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Treasury Secretary Mnuchin's air travel sparks inquiry
The Treasury inspector general is looking into Secretary Steve Mnuchin's request to use a military jet on his European honeymoon.
By Ed Mason
Jan 15, 2018

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WASHINGTON D.C. — For the second time, Treasury Secretary Steve Mnuchin's use of government aircraft is raising questions about whether he improperly traveled, or requested to travel, on the government's dime.

In August, the Treasury Department's inspector general opened an inquiry into Mnuchin's use of a U.S. Air Force jet to fly him and his new wife, Louise Linton, to Kentucky, where they viewed the total solar eclipse from Fort Knox, according to a report by the Los Angeles Times.

Now, the inspector general reportedly is also looking into Mnuchin's request to use a military aircraft for his August honeymoon to Europe, which he and Linton took just prior to the Kentucky trip.

The inspector general is "looking at all requests for and use of government aircraft by the secretary," said Rich Delmar, counsel to the inspector general, on Thursday, as reported by the Times.

The Treasury Department said in a statement that Mnuchin requested a military plane reportedly costing about $25,000 per hour to operate for his honeymoon because he needed access to secure communications. The request was withdrawn after another secure communications option was found.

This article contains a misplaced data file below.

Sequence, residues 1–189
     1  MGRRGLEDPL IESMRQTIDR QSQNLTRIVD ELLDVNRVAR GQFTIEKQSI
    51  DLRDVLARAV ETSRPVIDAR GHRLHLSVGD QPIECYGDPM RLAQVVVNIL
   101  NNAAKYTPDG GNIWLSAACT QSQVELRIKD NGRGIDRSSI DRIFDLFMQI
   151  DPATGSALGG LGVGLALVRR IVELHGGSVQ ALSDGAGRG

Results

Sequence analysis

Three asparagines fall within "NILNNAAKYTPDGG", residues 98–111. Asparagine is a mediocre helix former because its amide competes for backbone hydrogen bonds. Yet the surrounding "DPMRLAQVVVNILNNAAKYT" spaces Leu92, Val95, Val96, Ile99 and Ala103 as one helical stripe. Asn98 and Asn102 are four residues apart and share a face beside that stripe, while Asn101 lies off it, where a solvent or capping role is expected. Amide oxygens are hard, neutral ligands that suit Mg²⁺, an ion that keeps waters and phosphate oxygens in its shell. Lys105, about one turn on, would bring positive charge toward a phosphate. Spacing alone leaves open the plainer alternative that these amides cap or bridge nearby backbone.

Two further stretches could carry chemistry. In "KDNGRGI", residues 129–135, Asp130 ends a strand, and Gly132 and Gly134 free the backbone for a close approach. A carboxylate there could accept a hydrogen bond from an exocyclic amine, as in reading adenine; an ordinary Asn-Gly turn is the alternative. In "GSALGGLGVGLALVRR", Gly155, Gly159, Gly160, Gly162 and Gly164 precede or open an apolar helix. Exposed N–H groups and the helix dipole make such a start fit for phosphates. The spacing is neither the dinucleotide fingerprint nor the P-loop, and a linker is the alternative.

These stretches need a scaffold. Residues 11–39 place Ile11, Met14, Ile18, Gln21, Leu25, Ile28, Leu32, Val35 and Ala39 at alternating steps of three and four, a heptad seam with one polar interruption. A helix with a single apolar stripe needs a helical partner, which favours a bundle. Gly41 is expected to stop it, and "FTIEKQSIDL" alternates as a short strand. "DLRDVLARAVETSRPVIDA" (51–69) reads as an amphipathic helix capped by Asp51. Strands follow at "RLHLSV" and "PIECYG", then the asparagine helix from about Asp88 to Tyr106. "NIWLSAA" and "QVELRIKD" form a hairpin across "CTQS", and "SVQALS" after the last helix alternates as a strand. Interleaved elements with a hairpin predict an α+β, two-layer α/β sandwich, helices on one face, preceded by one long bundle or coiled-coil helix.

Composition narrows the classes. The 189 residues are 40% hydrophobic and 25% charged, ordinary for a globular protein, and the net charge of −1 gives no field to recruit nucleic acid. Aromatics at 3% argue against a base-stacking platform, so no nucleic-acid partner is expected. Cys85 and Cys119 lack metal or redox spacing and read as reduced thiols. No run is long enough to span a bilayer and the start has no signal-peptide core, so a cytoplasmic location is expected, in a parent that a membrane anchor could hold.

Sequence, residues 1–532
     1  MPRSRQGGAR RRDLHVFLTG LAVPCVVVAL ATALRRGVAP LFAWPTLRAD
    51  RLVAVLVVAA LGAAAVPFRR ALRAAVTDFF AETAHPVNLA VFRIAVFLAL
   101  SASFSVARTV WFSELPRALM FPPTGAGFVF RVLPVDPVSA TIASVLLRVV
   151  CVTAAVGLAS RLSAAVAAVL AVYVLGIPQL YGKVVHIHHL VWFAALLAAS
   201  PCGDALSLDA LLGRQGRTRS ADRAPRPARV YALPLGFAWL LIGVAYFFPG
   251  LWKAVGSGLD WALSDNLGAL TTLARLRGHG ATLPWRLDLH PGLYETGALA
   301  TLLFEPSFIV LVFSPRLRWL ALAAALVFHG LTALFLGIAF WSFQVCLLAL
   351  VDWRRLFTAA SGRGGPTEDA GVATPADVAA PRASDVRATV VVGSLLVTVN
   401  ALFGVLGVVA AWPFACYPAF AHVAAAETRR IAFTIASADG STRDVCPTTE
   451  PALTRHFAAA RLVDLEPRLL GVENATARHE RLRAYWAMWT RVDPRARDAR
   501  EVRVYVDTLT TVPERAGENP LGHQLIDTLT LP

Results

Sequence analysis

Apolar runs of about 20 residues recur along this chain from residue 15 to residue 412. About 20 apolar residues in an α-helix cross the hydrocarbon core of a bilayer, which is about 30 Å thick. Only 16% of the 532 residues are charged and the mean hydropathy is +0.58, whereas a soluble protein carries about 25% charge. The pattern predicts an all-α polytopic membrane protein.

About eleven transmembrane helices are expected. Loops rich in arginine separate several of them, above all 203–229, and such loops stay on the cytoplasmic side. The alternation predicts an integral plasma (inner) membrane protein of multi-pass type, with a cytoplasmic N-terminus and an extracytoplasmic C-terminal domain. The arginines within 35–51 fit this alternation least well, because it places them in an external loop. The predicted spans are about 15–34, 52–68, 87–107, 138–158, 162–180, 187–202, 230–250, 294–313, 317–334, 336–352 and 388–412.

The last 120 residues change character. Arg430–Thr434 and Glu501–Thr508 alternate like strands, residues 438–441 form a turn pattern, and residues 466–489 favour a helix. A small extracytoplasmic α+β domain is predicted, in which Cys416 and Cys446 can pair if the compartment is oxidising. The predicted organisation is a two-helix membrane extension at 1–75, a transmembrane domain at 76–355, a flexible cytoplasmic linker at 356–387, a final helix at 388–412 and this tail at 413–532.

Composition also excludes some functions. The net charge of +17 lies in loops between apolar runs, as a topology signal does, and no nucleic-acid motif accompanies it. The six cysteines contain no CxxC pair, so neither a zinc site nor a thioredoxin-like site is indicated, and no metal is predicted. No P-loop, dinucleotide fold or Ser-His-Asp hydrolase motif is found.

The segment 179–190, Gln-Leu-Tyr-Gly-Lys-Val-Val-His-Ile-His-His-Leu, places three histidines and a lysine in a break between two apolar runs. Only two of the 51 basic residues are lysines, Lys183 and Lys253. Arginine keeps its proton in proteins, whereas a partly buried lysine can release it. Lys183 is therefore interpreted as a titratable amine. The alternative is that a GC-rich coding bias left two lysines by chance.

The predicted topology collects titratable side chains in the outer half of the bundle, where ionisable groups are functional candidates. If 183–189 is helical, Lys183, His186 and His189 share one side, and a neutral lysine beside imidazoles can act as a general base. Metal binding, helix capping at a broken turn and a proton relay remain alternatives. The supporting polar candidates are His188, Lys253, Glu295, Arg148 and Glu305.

"This had nothing to do with convenience," Mnuchin said, during a forum hosted by Politico. "This was purely about national security."

Travel on military aircraft is generally limited to the president, vice-president, and cabinet members directly involved with national security, a report by ABC News said. Current and former Treasury officials say the use of military aircraft by former Treasury secretaries for private travel was practically unheard of.

"People can do whatever they want on their own time, on their vacations and in the houses that they live in, but they can't be expecting taxpayers to foot the bill for a Hollywood lifestyle," said Noah Bookbinder, the executive director of Citizens for Responsibility and Ethics in Washington, in the Times report.